Mosher v. R. – TCC: Court Refuses to Strike Pleadings Based on Issue Estoppel Where Prior Appeal Discontinued

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Mosher v. The Queen[1] (November 28, 2013) arose out of a tax liability of the taxpayer’s deceased husband.  The husband (Mr. Kuczer) had filed an appeal with the Tax Court but after his death the taxpayer, in her capacity as executrix of his estate, discontinued the appeal.  She was assessed in her capacity as executrix for having distributed the estate without satisfying the outstanding tax liability.  She appealed that assessment and part of her appeal challenged the original assessment of her late husband.  The Crown moved to strike that pleading on the basis of issue estoppel or abuse of process.  The court dismissed the Crown’s motion:

[7]             I would therefore redraft the issue as being whether it is plain and obvious that either the doctrine of issue estoppel or abuse of process precludes the Appellant from challenging the underlying assessment. Put another way, does the Appellant have no hope of convincing a trial judge that she can attack the underlying Kuczer assessment? I find it is not plain and obvious.

[8]             It is unnecessary for me to go through the law of issue estoppel as enunciated by the Supreme Court of Canada in Danyluk v. Ainsworth Technologies Inc. and tweaked by subsequent cases (see for example Penner v Niagara (Regional Police Services Board)) and its application to the circumstances before me. I would need to take the time to reflect on these arguments, read in detail the law as to how issue estoppel has evolved, and then attempt to apply it to Ms. Mosher’s circumstances. Only then would I be comfortable providing an answer. What this tells me is that it is not plain and obvious the doctrine applies. For example, there is, I would suggest, a contentious issue as to whether a discontinuance of a matter, without further judicial determination, meets one of the requirements of the three-pronged test for issue estoppel, that there has been a “judicial decision”. Also, even if the three‑pronged test is met, the law provides that a judge can exercise his or her discretion balancing finality of litigation versus the public interest in ensuring justice is done “and other considerations of fairness to the parties”. It is not plain and obvious how a judge might exercise such discretion in these circumstances.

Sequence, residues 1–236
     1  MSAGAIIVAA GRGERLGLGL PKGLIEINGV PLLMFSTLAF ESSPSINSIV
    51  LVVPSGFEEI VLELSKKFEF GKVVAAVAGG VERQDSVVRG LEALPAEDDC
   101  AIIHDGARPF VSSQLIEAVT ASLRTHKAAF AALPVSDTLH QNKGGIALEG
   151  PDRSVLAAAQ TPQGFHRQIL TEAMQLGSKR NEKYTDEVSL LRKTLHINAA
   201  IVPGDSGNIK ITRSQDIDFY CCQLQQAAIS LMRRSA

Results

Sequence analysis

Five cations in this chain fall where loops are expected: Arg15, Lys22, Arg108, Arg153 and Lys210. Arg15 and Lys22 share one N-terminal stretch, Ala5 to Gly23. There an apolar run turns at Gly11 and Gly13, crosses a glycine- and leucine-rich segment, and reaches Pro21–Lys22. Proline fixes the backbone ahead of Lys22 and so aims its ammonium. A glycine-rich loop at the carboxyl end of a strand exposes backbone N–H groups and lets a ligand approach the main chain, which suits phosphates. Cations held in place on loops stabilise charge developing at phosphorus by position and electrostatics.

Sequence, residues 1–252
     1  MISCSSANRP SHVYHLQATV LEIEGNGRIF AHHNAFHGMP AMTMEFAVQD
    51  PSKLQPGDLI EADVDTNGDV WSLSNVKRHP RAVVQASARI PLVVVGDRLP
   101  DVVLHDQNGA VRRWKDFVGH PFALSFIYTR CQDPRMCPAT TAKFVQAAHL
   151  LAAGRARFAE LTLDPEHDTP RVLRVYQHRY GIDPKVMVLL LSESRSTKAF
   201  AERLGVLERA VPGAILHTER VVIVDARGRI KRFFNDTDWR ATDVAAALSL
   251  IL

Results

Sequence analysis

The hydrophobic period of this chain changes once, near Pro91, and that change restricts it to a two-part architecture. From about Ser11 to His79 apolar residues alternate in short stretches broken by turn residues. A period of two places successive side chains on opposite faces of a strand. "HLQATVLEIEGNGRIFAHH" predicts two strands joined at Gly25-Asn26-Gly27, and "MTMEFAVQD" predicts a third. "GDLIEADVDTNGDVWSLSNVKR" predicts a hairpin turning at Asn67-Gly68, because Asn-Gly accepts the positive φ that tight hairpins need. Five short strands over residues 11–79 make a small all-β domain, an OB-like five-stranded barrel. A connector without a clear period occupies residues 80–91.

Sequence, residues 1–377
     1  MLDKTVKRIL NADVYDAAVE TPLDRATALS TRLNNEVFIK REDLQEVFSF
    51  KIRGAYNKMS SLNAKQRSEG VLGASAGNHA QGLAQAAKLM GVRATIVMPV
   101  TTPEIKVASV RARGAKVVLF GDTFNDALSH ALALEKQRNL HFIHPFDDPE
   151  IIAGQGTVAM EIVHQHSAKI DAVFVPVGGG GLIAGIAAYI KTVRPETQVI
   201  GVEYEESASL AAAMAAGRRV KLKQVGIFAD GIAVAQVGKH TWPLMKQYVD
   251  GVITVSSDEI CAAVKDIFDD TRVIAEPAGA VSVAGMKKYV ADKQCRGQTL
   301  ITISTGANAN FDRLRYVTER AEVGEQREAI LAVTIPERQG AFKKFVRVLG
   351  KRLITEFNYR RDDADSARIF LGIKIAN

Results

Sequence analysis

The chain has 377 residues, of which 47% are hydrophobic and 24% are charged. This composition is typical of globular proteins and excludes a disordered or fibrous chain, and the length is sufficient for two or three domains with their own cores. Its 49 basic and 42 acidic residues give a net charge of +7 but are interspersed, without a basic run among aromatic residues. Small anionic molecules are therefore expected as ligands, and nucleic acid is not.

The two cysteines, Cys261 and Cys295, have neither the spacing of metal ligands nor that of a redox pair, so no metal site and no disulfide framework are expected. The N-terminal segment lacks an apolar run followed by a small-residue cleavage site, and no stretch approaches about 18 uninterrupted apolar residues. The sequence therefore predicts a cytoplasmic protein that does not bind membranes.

[9]             With respect to the doctrine of abuse of process, it may be applicable to prevent re-litigation where the conditions for issue estoppel do not apply. But, again, it is not plain and obvious that it does or does not apply in this case.

[10]        In the case of Toronto (City) v C.U.P.E., Local 79, Justice Arbour explained:

Properly understood and applied, the doctrines of res judicata and abuse of process govern the interplay between different judicial decision makers. These rules and principles call for a judicial balance between finality, fairness, efficiency and authority of judicial decisions.

She went on to give the following example:

If for instance, the stakes in the original proceeding were too minor to generate a full and robust response, while the subsequent stakes were considerable, fairness would dictate that the administration of justice would be better served by permitting the second proceeding to go forward than by insisting that finality should prevail.

[11]        Would allowing Ms. Mosher to attack the Kuczer assessment in the circumstances of this case bring the administration of justice into disrepute? That is not an easy question that, I would suggest, every judge would answer in the same way by the exercise of his or her discretion, especially where that discretion is based on principles such as judicial economy, consistency, finality, fairness and the integrity of the administration of justice. The circumstances surrounding Ms. Mosher’s actions as executor and the need to have a full debate on the application of the concepts of issue estoppel and abuse of process make it clear to me that a Rule 53 application to strike pleadings is not the appropriate course of action.

[Footnotes omitted]

The court did however invite the parties to make an application under Rule 58 (Question of Law, Fact or Mixed Law and Fact) in the interests of judicial economy:

[12]        Having said that, and therefore dismissing the Respondent’s Motions, I am not implicitly condoning the Parties march relentlessly on to trial, presuming that the Kuczer assessment is a live issue. It is my impression that a lot of work would be required for litigation on that issue. It strikes me the appropriate course is a determination pursuant to Rule 58, answering the question the Respondent has attempted to pose in this Rule 53 application. Does either issue estoppel or abuse of process preclude Ms. Mosher from raising this issue at the trial of her own assessment? If it is determined that either concept applies to preclude Ms. Mosher from raising the underlying Kuczer assessment, then some considerable litigation economy will have been achieved. If found not to apply, then the Parties will know they have to proceed to fully litigate that earlier assessment.

[13]        Clearly the Parties have researched the application of these doctrines and it would therefore take little in the way of further preparation for a determination, other than perhaps a flushing of more details of Ms. Mosher’s discontinuance of the earlier litigation. If both sides are agreed that a determination would be in order, I am prepared to order such on a timely basis, foregoing the need for an application to a judge to consider whether a determination is called for (the usual first step in the Rule 58 determination process). If the Parties are not agreed and only one side believes it is of benefit then that first step would be necessary.

[1] 2013 TCC 378.